You can work on all these factors at your own discretion, because you understand your business better. But the wise thing to do is to talk to a qualified business coach that knows your industry well.
3. An In-Depth Understanding Of Your Conversions And Metrics
This basically involves understanding the services you offer and how much profit you make from it. This will help you determine if it is worth your time so you can abandon it, or if it’s very valuable and you are undercharging for it. If this is the case, you’d have to adjust the pricing to fit.
For instance, a fitness trainer may have different programs they offer. One may be doing really well, because it is very valuable, yet underpriced. It is possible that the cost it took to put the program together is almost the same with the cost of the program. This is where you should apply your conversions and metrics.
According to the entrepreneur piece, it says that while you calculate the price of your service ̶ you should apply profit in the same number as mark up on the product cost. For instance, if it takes you a labor and overhead cost of $2000 to come up with a program and you want a net income of 21% before tax… you can achieve your profit goal by adding up a profit factor of 25% to your labor and overhead cost.
This way, you will not do business or render your services at a loss.
4. Consider Tiered Pricing
This is for those whose services come in varied programs. Your clients get to have options of choosing amongst different versions of same product or service. This is because priorities, needs and preferences differ in every client.
Having varied price points for similar programs keep the clients in. This is as opposed to outrightly walking away. Instead of “this is not for me”, it becomes a case of “either or”. Which can I afford right now, which is more important to me, or what are my specifications?
For instance, a person selling jars of body wash will have them in different measures and flavors of the same product. You can choose to buy the smallest jar of the same product or the biggest one. You’d be getting practically the same benefits. The only difference is in the size.
Service pricing can be a bit more difficult to handle, especially when you run programs. In this case, you will keep your price the same for similar programs, but include valuable add ons to the clients program. You may also fix your price based on the project a client brings your way. This is also a part of the program, but a specific activity.
For example, a nutrition coach who has different programs may decide to simply have a flat rate for all her programs. The only difference will be in the price of the valuable add on she includes in her clients program.
She may also decide that she will fix her prices based on the type of project a client approaches her with. A client who approaches her for just nutrition advice may get a lesser charge than the client who wants her to draw the plan by herself. This price will also differ from that of a client who wants the support of the nutrition coach through the healthy diet journey.
Tiered pricing is not a bad idea if it is applicable in your market.
5. Do The Hourly Rate Math
This method is mostly for consultants who spend hours at work. Calculating hourly rates has a standard formula prescribed by business schools. It says you will add up your overhead cost, labor cost, and the profit you want to earn at the end of the month.
Divide this sum by the total number of hours you work every month. This, according to business standard is the minimum of what you must charge for your services. You have the liberty of raising that charge many notches higher. A minimum charge as this is what can pay your salary, business expenses and still give you a profit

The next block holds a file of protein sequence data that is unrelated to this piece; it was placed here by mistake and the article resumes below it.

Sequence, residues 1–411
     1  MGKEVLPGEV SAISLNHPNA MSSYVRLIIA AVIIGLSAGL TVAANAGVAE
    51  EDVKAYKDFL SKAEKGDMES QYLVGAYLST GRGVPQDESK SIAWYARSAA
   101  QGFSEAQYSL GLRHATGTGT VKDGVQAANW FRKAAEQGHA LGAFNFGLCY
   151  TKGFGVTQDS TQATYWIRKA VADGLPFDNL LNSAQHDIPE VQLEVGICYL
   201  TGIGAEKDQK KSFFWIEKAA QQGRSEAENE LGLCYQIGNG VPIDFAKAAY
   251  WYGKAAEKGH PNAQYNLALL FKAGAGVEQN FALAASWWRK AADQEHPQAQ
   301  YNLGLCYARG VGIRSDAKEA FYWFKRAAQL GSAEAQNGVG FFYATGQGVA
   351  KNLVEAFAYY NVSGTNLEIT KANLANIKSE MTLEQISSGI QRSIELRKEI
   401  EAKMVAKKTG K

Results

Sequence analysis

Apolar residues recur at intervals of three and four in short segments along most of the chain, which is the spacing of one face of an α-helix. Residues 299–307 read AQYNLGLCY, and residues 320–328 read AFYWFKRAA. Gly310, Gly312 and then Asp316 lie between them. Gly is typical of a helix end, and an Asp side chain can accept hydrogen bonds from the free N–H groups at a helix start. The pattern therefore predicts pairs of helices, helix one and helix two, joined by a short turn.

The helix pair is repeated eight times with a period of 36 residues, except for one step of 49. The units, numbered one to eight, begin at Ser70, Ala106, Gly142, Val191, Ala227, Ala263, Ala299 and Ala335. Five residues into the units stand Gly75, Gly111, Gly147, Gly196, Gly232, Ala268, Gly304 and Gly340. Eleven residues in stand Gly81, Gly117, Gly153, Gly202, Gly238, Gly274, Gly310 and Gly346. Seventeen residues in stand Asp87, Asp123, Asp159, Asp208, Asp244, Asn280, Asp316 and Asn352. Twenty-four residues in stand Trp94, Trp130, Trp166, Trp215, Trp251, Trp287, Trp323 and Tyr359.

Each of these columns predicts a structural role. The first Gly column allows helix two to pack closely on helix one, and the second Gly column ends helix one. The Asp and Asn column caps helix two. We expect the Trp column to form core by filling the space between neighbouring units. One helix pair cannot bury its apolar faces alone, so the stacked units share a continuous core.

By the end of it, you won’t be short changed. You would have set your price fairly, earned your worth and have healthy savings.
Having talked about all the strategies to set your pricing fees above, I want to make an expert recommendation. At Clients Oasis, we do not price our services based on the industry standards, but by the value of the transformation we get our clients.
If for instance, you are a health coach and you help your obese client get back to shape and probably save them from a life threatening disease… how much do you think this is worth? At Clients Oasis, we look at the life changing results the client gets in the process, not based on what any person or competition charges.
So, from our example above as a health coach, you already know that the value of your service is priceless. And since you are certain that you can help this client get this transformation, the next question is how much you think they should pay you for it. How much do you think is decent enough to make you happy while helping the client get results, without breaking the client’s bank?
From our experience, this is easily worth between $3000 and $10000. Now, depending on the city where you live, the coat of your bills and how much you need to have complete financial freedom ̶ you can determine what you want to charge between $3000 to $10000.
If for example, you live in New York City, or San Diego, California, you’d know that the cost of living in these cities is very expensive. You won’t charge the same price with a health coach in Georgia, Virginia. Because you know that the cost of living in these cities is at least twice that of Georgia.
If a health coach in Georgia charges $3000 to get outstanding results for clients, you as a health coach in New York City or Sandiego should be able to charge $7000 to cover your bills and afford you freedom as a compensation for helping your clients achieve these transformations in their lives.
Same goes for business coaches, dating coaches, life coaches, consultants, etc.
So what is the way forward?
The way forward is to apply all or some of the strategies aforementioned. It will take you some work, but it is worth it, especially if you plan to scale up in the long run. Make your research; put your skill set and specialty into consideration.
Your location and target audience also matter, and lastly, consider tiered pricing, have a firm grasp of your metrics, and hourly rates. All these put together will help you price your services right. You’d neither undercharge nor overcharge.
We can offer our support to help you implement this in your business.
To start, click here or use the button below to schedule a free breakthrough call with a business strategist on our team